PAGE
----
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Discuss Protection against open/loose neutral? in the American Professional Electrical Advice Forum area at ElectriciansForums.net

Hello friends, is there such a thing as a "smart meter" that I can install on my backwoods house that will trip if it detects a loose/open neutral? If so, where can I get one? Thanks very much
 
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Megawatt

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Arms
Advent Win
Hello friends, is there such a thing as a "smart meter" that I can install on my backwoods house that will trip if it detects a loose/open neutral? If so, where can I get one? Thanks very much
Hello Kevin and welcome to the forum and yes they make smart meters but that’s the meter the power company puts in. The meter is called a smart meter because the power company can read it without ever coming on your property. Are you having some kind of problem that you need help with. You can buy GFCI breakers that could do what you want
 

Lucien Nunes

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Mentor
Arms
Esteemed
A high resistance neutral connection is usually manifest by incorrect voltages - on a single (split) phase supply one hot-neutral voltage goes up (the one with more load) and one goes down while the hot-hot voltage is unaffected, similarly for 3-phase.

This is easy to detect; for example you can buy voltage-sensing relays that can be set to trigger an output when the voltage goes beyond settable limits for a certain duration. These could then operate a shunt-tripping add-on unit to a main breaker, to isolate your panel from the faulty supply. (There are complications in practice, such as making this run from the hots only, so that the failed neutral doesn't stop the protection working).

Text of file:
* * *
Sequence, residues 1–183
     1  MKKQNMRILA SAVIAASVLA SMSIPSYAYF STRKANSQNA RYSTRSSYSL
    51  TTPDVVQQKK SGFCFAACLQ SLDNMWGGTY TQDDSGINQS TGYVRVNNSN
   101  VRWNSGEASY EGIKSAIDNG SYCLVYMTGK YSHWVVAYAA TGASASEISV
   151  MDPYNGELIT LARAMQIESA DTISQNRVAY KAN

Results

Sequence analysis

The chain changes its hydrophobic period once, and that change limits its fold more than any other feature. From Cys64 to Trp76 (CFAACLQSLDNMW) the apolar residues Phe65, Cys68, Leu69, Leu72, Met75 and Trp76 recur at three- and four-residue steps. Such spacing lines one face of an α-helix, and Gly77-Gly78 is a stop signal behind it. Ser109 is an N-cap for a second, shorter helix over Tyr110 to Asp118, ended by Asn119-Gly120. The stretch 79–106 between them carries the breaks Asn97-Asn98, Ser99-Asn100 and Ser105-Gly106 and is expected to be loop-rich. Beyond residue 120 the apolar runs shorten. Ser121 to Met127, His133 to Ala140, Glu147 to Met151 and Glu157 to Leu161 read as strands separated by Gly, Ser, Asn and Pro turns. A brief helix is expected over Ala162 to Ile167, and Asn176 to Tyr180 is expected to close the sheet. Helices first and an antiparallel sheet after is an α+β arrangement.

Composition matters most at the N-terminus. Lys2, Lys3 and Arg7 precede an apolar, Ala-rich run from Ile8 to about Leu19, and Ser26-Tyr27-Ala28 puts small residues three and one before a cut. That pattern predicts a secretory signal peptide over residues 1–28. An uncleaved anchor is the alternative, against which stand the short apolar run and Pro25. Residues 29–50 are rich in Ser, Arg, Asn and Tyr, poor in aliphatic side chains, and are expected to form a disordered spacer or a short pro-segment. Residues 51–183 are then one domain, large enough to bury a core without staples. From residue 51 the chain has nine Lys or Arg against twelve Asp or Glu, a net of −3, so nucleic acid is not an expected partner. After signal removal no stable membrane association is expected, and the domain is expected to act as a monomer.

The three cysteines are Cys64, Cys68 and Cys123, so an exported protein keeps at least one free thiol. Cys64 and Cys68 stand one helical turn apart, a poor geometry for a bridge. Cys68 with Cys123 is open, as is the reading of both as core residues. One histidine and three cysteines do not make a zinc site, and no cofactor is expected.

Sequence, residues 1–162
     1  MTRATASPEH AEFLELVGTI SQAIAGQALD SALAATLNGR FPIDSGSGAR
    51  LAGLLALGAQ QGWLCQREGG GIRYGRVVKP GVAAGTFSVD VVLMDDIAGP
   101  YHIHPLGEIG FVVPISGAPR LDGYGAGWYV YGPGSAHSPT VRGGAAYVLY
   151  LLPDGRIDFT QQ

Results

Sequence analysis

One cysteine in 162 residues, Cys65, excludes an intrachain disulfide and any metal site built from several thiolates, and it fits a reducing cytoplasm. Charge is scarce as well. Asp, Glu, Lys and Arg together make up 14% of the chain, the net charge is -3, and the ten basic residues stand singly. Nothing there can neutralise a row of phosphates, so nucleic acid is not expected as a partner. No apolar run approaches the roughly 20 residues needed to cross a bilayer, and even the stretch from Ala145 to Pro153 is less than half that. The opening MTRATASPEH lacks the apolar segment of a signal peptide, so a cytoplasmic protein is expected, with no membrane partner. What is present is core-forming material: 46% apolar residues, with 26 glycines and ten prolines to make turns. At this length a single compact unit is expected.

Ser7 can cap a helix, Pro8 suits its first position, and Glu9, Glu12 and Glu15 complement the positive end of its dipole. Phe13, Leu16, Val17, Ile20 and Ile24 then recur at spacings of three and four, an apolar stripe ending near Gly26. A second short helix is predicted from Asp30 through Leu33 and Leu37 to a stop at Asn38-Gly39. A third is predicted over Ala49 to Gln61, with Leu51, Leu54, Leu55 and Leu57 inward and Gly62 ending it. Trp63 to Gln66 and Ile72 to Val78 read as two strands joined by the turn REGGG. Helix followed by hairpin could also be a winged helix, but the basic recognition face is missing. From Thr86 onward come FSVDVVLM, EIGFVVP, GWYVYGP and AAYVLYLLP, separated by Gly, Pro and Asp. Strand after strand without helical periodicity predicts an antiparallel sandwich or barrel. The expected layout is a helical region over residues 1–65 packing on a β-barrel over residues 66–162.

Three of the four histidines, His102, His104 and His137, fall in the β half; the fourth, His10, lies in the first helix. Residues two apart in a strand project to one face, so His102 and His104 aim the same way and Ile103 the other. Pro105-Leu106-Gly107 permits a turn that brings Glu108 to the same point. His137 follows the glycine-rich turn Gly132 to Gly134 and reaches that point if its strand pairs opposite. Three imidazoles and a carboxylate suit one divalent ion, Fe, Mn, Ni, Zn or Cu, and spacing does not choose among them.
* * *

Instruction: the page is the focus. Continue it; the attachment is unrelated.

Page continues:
Perhaps there is an all-in one unit? As MW says, is this a precaution or are you experiencing equipment damage from repeated loss of your neutral? For small loads, certain types of UPS will protect them against excessive voltage.
 

Megawatt

-
Arms
Advent Win
A high resistance neutral connection is usually manifest by incorrect voltages - on a single (split) phase supply one hot-neutral voltage goes up (the one with more load) and one goes down while the hot-hot voltage is unaffected, similarly for 3-phase.

This is easy to detect; for example you can buy voltage-sensing relays that can be set to operate an output when the voltage goes out of range. These could then operate a shunt-tripping add-on unit to a main breaker, to isolate your panel from the faulty supply. On the more sophisticated ones you can set the thresholds and delay time to minimise nuisance trips on start-up surges etc.

Perhaps there is an all-in one unit?
I got to admit that you are pretty sharp on electrical, are you some sort of engineer.
 

Lucien Nunes

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Mentor
Arms
Esteemed
are you some sort of engineer.
Yes, although I've long since forgotten which sort!
 

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